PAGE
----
Most factory pistols come with the cheapest, most horrible sights you could possible imagine. The M&P is better, in this regard, including a set of steel, 3-dot style sights. But, we can do better than that!
I was very happy to see the M&P arrive with serviceable sights. They’re somewhat similar to (I think?) a Novak rear sight with a plain, smooth front sight post. The front sight measures .130″ wide, which the notch in the rear is .140″. This really doesn’t give you much in the way of “light bars” (i.e. the light that you see on each side of the front sight between it and the rear sight). Light bars are important the aiming process. You want them to be roughly 50% of the width of the front sight – your brain will tend to line them right up for your that way, regardless of the width of the front post and rear notch, if you get the light bars right, you can shoot the sights.
They arrive in a 3 dot configuration. I’m not really a fan of 3 dot sights, personally (to some extent, this is a personal taste thing, but I shoot better with plain irons…), so some sight black can fix that situation pretty well.You can see in the picture to the right roughly what they look like, but in practice, you have less light bar on each side than the picture implies (it’s tough to take a good picture of sights with an iPhone camera – sorry about the quality, there). In fact, there’s almost none. It would be more difficult than necessary to shoot the factory sights quickly and accurately.
I shot the factory sights for a couple hundred rounds, and they’re OK – just OK. I didn’t feel the immediate need to replace them before firing a shot, like I do with Glock factory sights, but I still felt the need for something more precise and intuitive, and with a little more versatility for carry purposes.
Dawson makes a wide variety of replacement sights for quite a number of pistols on the market. I’d had a chance to handle these sights installed on a Glock in the past, so I knew roughly what to expect in terms of quality and the sight picture. I also knew that they’d have the features I wanted in a set of sights for carry and for competition.
In order to get the right mix between light bars and front sight width, I went with a .115″ wide target front sight, and a .145″ wide rear notch Charger sight. This gives you the sight picture you see at the top of the post (I did a better job with that one – that’s pretty much what the sight picture looks like behind the gun). The front sight is a middling width – wide enough to pick up quickly and easily, but narrow enough to retain precision on smaller targets. The rear sight is sized to then create the right light bar width, and also to have plenty of room to see the front sight, even if the gun is lined up just a bit off. This turns out to be a very intuitive arrangement. They point easily and line up without effort on the target.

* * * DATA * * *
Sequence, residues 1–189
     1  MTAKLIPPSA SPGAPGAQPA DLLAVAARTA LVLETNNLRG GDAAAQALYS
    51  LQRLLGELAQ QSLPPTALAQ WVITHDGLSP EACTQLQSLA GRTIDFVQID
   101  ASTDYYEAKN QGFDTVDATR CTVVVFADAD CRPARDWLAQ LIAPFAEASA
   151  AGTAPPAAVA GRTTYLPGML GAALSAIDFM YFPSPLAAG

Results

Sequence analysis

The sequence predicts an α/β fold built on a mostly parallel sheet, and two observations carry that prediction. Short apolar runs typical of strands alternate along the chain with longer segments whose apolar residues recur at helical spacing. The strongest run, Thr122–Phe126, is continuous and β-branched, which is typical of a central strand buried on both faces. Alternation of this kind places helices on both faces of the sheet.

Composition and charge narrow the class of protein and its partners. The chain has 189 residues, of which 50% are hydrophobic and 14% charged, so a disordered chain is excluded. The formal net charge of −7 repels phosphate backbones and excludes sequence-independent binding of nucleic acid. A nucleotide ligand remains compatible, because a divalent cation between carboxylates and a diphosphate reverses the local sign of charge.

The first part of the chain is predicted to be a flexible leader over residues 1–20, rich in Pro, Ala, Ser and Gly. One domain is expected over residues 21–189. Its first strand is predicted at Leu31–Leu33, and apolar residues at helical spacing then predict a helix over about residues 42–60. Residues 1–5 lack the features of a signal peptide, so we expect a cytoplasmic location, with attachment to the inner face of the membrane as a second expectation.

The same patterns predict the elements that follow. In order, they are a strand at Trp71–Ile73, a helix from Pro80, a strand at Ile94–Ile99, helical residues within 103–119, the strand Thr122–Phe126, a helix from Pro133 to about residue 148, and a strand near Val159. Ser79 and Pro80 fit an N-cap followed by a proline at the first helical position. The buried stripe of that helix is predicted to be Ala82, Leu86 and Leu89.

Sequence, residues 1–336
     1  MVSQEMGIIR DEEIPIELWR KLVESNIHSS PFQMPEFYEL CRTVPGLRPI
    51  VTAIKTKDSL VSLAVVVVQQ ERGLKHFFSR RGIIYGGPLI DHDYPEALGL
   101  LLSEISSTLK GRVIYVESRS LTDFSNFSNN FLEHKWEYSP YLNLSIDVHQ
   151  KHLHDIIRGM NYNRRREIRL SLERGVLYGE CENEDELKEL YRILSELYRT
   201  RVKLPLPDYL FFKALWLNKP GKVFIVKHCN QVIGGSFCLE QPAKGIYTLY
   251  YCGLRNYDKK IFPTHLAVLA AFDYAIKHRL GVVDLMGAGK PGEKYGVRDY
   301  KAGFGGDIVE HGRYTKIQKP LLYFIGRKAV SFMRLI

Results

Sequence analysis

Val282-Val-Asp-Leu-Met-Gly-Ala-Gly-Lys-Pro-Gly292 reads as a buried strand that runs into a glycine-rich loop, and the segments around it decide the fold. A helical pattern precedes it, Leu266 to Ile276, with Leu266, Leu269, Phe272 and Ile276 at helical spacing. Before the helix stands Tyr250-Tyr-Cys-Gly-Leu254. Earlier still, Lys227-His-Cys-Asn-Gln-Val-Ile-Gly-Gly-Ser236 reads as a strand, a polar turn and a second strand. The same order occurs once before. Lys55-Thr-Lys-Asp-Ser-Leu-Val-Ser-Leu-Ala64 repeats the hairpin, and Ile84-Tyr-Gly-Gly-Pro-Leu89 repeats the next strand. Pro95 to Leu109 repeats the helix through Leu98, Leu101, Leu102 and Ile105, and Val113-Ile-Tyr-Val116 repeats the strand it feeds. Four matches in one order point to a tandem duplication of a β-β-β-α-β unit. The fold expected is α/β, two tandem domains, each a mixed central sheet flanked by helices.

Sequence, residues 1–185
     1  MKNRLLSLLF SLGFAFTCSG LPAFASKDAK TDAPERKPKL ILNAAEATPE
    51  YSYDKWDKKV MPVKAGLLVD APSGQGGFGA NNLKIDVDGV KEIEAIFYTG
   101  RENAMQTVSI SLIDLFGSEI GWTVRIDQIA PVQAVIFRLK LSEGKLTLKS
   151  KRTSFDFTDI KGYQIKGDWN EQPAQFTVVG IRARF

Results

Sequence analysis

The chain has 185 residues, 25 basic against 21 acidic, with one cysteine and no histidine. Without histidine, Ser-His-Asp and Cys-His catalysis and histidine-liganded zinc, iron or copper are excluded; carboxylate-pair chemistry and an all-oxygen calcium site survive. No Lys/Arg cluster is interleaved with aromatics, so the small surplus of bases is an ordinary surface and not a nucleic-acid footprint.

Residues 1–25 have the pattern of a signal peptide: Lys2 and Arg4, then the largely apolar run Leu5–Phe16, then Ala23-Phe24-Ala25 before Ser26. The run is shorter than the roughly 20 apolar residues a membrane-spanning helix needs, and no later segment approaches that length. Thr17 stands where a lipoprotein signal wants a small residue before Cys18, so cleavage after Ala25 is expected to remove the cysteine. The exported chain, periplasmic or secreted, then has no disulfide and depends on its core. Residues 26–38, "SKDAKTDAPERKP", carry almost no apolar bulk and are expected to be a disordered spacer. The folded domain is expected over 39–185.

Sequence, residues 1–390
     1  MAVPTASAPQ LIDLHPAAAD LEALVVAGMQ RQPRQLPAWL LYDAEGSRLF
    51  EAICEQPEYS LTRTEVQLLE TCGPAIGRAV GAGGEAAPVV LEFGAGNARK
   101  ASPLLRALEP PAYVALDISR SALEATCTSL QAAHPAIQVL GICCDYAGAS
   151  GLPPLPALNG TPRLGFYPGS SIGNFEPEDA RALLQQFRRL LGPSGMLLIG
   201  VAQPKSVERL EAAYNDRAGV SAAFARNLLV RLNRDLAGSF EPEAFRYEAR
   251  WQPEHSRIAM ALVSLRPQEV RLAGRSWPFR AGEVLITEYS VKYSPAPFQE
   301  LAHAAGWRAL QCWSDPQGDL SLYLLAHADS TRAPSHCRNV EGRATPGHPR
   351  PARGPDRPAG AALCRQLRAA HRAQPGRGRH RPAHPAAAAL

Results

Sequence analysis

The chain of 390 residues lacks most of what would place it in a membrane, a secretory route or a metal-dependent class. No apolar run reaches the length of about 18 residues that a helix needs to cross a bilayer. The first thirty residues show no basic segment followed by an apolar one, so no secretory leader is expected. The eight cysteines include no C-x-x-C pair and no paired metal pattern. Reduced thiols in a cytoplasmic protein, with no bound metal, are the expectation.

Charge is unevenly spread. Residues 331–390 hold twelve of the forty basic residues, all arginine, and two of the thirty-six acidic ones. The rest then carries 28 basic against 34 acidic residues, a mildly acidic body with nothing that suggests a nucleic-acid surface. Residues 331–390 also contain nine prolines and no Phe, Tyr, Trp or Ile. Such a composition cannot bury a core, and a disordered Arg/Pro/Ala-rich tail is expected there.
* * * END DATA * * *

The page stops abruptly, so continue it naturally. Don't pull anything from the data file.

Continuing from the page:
The Charger rear sight was engineered to be a carry/duty sight and has a couple of interesting features that help in that role. The first is the 90 shelf on the front edge of the sight. This is useful if you have to manipulate the gun one handed – you can use that edge to catch on your belt or a pocket to rack the slide for purposes of reloading the gun, or to help clear a jam. Dawson’s also serrated that front edge, which helps give it a little more bite against whatever surface you use it on. Compared the factory sight, the Charger is easier to employ in this fashion. In addition, the Charger is a beefy sight. It’s built tough to help it survive use as a charging handle, and should be capable of taking a lot of abuse.
The rear edge of the sight is smooth. Normally, I prefer a serrated rear sight – at least for competition purposes. The serrations reduce glare on the sight blade, especially when coupled with some sight black. I wasn’t sure how a smooth rear was going to work out. In practice, though, I didn’t have any problems with it and, if anything, it seems to help provide some contrast with the serrated target front sight. Instead of having fine detail on the rear sight blade that my eye can focus on, it just skips past the rear sight entirely and locks onto the front sight.
In terms of visibility in low light, I carry light with me anyway, so I’m not too worried about finding my sights in most situations. However, you can get these sights with tritium inserts. You have to bump up to a .125″ front sight width, though. If Dawson made a .155″ rear, that would also give you a similar set of light bars.
I had Dawson install these sights, but they’re pretty easy to do yourself, too. Dawson includes a front sight pusher punch with the front sight, and a nylon tipped punch to drift the rear.
All in all, the Dawson Charger sight set beats out the factory sights pretty nicely. They’re a simple, low maintenance option for carry or for competition.